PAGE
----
"They tell us that many well-known geniuses - Edison, Darwin, even Einstein - were ordinary bright children who became obsessed with something and because of that obsession ended up making enormous contributions...Mozart, whom we think of as composing in early childhood, did not produce original and noteworthy works until after more than ten years of non-stop composing..." 

Of course, hard work, dedication, and drive are critical to success. But, it is quite a stretch to label Einstein or Mozart as ordinary, or to downplay Mozart's prodigious childhood talent because his greatest works were not composed at a very early age.

Lessons learned from music and sports

The public often responds quite differently to talented musicians, creative artists and athletes than to the intellectually gifted. Talent is recognized as an essential component in their success. Most now realize the false expectations that Gladwell's "10,000 hours of practice" have engendered. We can train all we want, but at some point, we hit the limits of our abilities and potential. Physiology, talent, and wiring play a significant role.

Every talented athlete, musician, dancer, performer, and other creative artist also knows that innate ability is just the start. It takes passion, endurance, and dedicated practice to achieve success. They recognize that perseverance and passion - the ingredients in growth mindset - are essential. An awareness of their talent does not instill a fixed mindset; it is a starting point and provides information about their capabilities and work yet to be accomplished. A realistic appraisal of their talents and limitations informs choices and fuels success.

How this applies to schools

Joshua Raymond has highlighted the flaws in how schools apply the growth/fixed mindset concept, and has suggested adopting a "flexible mindset," where both abilities and effort are acknowledged.

"What is needed is the flexible mindset, incorporating both differences in ability and growth through effort. The flexible mindset recognizes that students should know what their gifts and disabilities are and learn skills to expand their intellectual capacity."

This model is standard procedure in sports, music and the creative arts. Talent, ability and potential are identified and nurtured. Effort, practice, and training are the norm. There are no easy A's - at least if you want to play for an elite team, win a concerto competition, or perform with a respected dance company. Less talented students are still nurtured and trained, but are steered toward groups that best support their unique abilities, such as junior varsity, or the chorus.

Unfortunately, schools often ignore this basic, common sense approach. In "What if Michael Phelps trained in a kiddie pool," the absurdity of withholding opportunities from both talented athletes and gifted students is aptly described. In most school districts, heterogeneous classrooms based on age are still the norm. Students are led to believe that their abilities are equal, even though everyone knows who struggles and who is the smartest kid in the room - just like they can spot the best athlete and who cannot run a mile. Children who struggle in school are told they can achieve anything, even when they sense this is not quite true. Gifted children are expected to suppress their burning desire to learn - until that fire is almost extinguished.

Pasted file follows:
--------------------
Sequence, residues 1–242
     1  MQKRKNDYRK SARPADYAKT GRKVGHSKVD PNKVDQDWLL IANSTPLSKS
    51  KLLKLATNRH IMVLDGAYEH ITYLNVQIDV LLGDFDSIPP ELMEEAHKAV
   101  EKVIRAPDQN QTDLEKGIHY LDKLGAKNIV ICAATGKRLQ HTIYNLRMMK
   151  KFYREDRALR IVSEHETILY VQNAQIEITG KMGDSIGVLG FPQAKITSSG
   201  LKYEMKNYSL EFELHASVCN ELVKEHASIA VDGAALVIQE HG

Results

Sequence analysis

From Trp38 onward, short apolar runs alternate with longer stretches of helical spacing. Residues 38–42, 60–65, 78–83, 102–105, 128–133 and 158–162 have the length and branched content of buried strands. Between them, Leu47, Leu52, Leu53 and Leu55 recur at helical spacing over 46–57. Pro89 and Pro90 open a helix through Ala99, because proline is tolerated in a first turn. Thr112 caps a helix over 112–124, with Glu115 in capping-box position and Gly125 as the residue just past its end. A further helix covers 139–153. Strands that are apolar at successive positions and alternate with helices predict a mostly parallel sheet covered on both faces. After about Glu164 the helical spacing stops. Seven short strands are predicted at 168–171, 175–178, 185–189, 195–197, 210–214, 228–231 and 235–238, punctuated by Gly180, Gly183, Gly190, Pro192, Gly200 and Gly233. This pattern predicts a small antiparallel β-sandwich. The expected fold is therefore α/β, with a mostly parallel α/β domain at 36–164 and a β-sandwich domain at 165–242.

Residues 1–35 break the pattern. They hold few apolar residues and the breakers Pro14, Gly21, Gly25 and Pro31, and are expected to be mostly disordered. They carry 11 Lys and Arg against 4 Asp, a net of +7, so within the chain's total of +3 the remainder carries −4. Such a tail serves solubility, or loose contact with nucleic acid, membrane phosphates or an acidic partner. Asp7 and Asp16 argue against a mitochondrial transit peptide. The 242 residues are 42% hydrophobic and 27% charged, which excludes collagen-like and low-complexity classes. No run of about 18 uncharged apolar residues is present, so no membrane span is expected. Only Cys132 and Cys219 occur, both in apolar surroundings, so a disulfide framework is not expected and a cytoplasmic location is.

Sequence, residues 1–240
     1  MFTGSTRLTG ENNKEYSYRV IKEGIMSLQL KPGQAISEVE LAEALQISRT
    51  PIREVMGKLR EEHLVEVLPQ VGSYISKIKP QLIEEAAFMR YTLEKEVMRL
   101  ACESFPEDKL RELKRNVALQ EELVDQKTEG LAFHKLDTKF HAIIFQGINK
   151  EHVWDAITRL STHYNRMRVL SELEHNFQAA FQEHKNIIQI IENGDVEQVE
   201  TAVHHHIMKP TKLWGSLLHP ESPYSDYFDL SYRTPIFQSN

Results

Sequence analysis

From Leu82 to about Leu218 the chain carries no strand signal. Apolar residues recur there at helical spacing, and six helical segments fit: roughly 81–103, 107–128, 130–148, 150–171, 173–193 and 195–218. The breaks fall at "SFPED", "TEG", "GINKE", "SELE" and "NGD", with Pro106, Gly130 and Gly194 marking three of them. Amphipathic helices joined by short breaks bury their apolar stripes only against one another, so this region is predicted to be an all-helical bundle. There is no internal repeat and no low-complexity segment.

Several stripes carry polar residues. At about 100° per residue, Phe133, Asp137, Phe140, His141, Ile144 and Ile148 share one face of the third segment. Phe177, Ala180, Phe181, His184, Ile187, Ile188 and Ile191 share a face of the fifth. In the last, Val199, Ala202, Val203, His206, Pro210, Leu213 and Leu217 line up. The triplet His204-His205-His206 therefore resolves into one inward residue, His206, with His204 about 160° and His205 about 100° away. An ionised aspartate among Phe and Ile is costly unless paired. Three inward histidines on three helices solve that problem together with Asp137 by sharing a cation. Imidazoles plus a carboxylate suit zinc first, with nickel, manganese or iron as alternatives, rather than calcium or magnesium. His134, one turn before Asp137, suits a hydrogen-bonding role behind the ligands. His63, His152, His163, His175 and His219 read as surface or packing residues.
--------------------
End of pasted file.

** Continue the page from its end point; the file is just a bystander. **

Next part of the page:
Where does growth mindset fit in?

First, attaining a growth mindset has been suggested as a remedy for gifted students who seem mired in fear and rigidity. They are told they have a fixed mindset, view their abilities as stable, and need to appreciate that challenging themselves will spur growth and achievement. Although this advice is well-intended, simplistic labels will not work with gifted students. Older students will roll their eyes and once again feel misunderstood. Most gifted students view themselves as fairly complex individuals, and will reject the view that perceptions of self and of their motivation are "fixed." Even worse, some gifted students, especially those with perfectionistic tendencies, might assume they did something wrong and blame themselves. I don't even have the right mindset; I guess I am a failure.

Secondly, blaming gifted identification as cause for a fixed mindset and subsequent underachievement or fear of taking academic risks is misguided. A "fixed mindset" alone cannot explain the myriad reasons for gifted students' underachievement, apathy and self-doubt. The possible causes are far too complex to conform to such a one-dimensional concept. An array of factors - peer influences, sociocultural pressures, developmental issues, mental health concerns, family dynamics, and most importantly, an inadequate and lackluster education - are some of the many influences that contribute to these reactions. There should be no room in education - of all places - for the oversimplification and reductionistic view of complex factors associated with learning and human behavior.

Rather than denying their giftedness, or labeling them as having a fixed mindset, perhaps educators could use a more complex, comprehensive approach to understand the causes of underachievement, rigidity or fears when they occur. Combined input from the student, parents, teachers, guidance counselors, school psychologists, coaches, extra-curricular teachers, and all other knowledgeable persons, could provide insight into why the student is struggling. Devising a specific plan with measurable, meaningful goals that address specific fears and motivational roadblocks is a start. And, of course, schools would be expected to provide optimal instruction that facilitates each child's motivation, challenge and drive - before underachievement and apathy arise.

Let's take a lesson from music and sports, and recognize that both ability and perseverance are necessary for success. Let's encourage students to feel confident and strive to reach their potential, but also insist that schools offer a challenging education tailored to each child's unique learning needs.